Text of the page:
Jolly Hopes to Ambush Seminoles

by - Correspondent -
Defensive tackle Terry Jolly is averaging 4.8 tackles
per game.

CLEMSON - Clemson defensive tackle Terry Jolly is hoping for a good old-fashioned ambush Saturday at Death Valley.

"They're coming in and thinking like this is a regular old Clemson team, 'We beat them pretty bad last year'," said Jolly. "They're going to come in and try to win one for Bobby Bowden. I think they'll forget about what they really came here to do."

Bobby Bowden is going for win No. 300 against Clemson, which lost 48-0 to the Seminoles last year.

With a national championship on the line, No. 1 Florida State will probably be ready. Still, Jolly figures he's the cowboy on the top of the cliff in the western movie looking down on the Indian camp. All he needs is some ammunition.

For the past couple of games, Clemson's defense has been shooting blanks. The Tigers gave up 244 yards rushing and 30 points against Maryland, 34 points and 350 total yards against N.C. State.

Clemson also gave up 286 yards on the ground in a 33-14 loss to Virginia Tech. Add to that the fact that Clemson's offense is having no trouble moving the ball and it's been a rough year for the defense.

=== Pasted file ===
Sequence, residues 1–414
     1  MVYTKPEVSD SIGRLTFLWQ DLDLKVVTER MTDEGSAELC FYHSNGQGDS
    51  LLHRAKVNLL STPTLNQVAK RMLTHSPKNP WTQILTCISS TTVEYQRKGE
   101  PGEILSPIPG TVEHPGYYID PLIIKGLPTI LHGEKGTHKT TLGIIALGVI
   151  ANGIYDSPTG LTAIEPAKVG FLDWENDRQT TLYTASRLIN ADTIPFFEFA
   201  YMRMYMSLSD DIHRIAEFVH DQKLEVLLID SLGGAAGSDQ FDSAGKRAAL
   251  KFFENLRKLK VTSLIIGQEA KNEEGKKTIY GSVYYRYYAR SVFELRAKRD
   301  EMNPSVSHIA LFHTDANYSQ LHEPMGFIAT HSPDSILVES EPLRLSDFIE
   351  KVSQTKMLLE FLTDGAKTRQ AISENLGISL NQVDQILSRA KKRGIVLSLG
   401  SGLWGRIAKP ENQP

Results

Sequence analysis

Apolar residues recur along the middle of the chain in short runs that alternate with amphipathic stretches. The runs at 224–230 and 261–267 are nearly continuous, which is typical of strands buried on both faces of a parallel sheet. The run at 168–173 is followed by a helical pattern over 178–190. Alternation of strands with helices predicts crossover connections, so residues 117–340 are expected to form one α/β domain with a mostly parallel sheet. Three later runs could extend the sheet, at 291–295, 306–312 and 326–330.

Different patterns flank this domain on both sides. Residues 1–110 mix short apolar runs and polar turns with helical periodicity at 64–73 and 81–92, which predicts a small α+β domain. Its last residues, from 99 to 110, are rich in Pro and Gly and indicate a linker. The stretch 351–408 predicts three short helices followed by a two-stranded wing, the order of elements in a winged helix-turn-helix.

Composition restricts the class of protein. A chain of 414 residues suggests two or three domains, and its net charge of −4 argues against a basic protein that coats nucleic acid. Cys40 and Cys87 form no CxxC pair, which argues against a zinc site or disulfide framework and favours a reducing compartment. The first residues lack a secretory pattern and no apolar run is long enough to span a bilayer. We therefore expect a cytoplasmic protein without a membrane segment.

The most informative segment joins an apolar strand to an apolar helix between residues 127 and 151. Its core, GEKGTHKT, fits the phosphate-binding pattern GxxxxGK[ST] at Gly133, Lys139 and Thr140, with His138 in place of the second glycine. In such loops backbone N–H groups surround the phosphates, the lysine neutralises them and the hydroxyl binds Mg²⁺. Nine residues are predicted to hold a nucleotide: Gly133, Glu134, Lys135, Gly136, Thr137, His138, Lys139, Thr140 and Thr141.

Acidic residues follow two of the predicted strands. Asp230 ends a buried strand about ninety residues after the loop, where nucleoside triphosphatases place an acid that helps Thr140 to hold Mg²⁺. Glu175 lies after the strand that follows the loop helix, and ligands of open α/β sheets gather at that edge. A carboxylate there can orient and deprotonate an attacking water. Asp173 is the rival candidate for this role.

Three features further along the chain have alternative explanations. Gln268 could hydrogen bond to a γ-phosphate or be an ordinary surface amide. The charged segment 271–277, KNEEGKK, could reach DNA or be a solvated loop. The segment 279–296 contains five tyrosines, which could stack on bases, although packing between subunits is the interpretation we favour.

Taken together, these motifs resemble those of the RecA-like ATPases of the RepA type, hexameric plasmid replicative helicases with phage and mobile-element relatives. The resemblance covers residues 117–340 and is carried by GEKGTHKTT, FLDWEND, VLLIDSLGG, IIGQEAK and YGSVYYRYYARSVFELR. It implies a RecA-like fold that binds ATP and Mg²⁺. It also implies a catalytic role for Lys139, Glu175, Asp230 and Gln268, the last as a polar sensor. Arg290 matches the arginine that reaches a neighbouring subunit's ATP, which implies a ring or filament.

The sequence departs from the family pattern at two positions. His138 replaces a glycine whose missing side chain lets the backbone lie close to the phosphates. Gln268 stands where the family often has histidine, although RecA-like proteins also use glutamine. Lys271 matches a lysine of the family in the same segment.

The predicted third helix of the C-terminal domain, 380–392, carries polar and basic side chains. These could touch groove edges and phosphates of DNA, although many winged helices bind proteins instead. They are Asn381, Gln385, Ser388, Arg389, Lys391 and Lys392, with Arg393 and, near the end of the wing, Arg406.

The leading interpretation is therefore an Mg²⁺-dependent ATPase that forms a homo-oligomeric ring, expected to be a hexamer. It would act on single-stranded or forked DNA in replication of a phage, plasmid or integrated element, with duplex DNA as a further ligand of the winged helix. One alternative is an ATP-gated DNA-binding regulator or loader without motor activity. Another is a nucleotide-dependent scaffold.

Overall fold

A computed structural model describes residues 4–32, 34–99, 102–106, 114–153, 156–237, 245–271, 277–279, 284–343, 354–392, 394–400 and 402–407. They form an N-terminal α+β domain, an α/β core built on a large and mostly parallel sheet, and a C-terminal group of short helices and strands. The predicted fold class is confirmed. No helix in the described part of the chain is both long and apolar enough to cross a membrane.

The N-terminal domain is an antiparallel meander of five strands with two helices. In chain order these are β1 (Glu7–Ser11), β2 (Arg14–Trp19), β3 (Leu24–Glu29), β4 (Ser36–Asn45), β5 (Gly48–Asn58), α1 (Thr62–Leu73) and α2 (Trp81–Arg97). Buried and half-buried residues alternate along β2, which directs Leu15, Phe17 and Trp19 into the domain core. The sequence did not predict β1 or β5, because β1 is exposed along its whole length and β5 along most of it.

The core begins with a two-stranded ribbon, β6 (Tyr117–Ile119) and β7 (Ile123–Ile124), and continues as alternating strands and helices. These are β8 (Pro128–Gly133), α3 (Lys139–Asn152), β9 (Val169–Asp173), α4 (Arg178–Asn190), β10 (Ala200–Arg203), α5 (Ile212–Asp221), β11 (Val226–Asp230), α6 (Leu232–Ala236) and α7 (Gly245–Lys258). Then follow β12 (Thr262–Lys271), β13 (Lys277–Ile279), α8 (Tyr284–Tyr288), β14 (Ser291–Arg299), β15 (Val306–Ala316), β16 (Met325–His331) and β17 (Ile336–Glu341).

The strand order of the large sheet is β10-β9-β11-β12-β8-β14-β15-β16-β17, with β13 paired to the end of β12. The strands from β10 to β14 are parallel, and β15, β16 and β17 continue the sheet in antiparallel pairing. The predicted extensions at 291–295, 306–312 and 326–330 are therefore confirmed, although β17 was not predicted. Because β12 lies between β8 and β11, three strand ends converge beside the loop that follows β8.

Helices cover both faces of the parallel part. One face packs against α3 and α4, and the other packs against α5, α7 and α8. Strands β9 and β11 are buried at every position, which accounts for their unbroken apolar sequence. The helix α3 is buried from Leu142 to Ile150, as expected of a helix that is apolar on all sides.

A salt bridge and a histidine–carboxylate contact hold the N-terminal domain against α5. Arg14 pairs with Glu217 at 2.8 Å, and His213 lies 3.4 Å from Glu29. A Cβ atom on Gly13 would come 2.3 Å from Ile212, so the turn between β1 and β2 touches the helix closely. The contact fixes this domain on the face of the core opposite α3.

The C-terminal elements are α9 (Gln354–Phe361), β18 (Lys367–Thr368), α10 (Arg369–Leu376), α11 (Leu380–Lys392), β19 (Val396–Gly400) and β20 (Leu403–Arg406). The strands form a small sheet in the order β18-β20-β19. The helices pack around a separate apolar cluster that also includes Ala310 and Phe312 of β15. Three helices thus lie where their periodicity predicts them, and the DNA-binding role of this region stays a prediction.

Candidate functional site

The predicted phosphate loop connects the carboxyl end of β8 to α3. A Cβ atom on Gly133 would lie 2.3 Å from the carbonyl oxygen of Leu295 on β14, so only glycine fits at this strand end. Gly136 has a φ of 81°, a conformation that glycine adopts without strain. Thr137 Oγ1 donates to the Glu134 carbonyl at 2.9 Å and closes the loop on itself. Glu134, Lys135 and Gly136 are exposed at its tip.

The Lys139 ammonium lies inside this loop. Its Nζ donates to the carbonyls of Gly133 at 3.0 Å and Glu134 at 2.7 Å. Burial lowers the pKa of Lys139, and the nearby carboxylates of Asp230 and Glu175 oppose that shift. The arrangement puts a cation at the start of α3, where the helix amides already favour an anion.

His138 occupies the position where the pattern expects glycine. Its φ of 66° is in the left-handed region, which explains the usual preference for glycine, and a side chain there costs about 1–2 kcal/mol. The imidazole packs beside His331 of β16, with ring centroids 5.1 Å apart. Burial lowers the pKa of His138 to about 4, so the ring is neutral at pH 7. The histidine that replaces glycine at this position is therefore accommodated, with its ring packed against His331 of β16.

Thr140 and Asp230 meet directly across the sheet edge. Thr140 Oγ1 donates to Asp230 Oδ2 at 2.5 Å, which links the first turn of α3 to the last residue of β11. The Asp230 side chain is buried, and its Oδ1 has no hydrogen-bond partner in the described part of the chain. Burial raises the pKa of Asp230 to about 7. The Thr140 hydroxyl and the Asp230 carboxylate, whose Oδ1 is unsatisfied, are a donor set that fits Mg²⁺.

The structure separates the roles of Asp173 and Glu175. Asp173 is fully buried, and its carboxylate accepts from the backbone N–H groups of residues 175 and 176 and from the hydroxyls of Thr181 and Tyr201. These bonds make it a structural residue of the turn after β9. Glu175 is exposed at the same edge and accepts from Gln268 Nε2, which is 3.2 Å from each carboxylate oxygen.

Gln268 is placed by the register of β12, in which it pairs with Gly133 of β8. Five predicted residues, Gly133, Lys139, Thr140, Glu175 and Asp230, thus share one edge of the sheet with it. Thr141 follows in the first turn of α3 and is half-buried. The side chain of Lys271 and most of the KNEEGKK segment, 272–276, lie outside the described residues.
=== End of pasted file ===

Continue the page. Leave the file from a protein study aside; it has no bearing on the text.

Jolly doesn't offer any reasons for the problems on defense other than "missed tackles and effort."
If Clemson gives up 30 points against the Seminoles, it would be the first time since 1975 that the Tigers have given up over 30 points to four opponents.

"We ain't last in the nation," said Jolly, a bit tired of having people ask about the defense. Clemson coach Tommy Bowden, though, is concerned.

Clemson has gone through a mini-shakeup on defense. Sophomore Altroy Bodrick, who didn't play in the first five games due to an ankle injury, was in for 44 plays against Maryland and recorded 11 tackles. Now he's a starter at linebacker, replacing Braxton K. Williams.

Sophomore Charles Hafley had shared time at strong safety with senior DoMarco Fox. Hafley is now the starter.
Bowden is hoping that shuffling the defense will even up what appears to be a lopsided contest between Florida State's offense and Clemson's defense.

"They'll have to turn the ball over and not play with emotion for us to win," said Bowden. "They're going to play with emotion. I would think they're going to play with emotion. They'll have to turn the ball over."
Jolly figures even if the ambush doesn't work, the Tigers can win the battle.

"Most people are already scared before they get into the game," said Jolly. "If you go into the war with doubt, you've already lost the game. Most teams, if they schedule FSU think 'Well, we're going to be 10-1'.
"Florida State is a regular team. They've got a lot of people. We've got a lot of people. That's the way I see it."

Jolly is hoping the element of surprise will give Clemson the advantage.

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